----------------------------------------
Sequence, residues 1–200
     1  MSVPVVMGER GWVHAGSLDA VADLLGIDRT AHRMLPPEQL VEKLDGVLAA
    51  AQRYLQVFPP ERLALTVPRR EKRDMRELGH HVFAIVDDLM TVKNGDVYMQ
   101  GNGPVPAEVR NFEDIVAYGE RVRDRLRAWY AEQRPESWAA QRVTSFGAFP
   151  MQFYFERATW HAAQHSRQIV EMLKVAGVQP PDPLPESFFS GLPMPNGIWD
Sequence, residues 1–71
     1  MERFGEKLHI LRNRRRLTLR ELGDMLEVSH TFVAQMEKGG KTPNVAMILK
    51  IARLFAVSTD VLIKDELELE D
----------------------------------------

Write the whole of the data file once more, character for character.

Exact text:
Sequence, residues 1–200
     1  MSVPVVMGER GWVHAGSLDA VADLLGIDRT AHRMLPPEQL VEKLDGVLAA
    51  AQRYLQVFPP ERLALTVPRR EKRDMRELGH HVFAIVDDLM TVKNGDVYMQ
   101  GNGPVPAEVR NFEDIVAYGE RVRDRLRAWY AEQRPESWAA QRVTSFGAFP
   151  MQFYFERATW HAAQHSRQIV EMLKVAGVQP PDPLPESFFS GLPMPNGIWD
Sequence, residues 1–71
     1  MERFGEKLHI LRNRRRLTLR ELGDMLEVSH TFVAQMEKGG KTPNVAMILK
    51  IARLFAVSTD VLIKDELELE D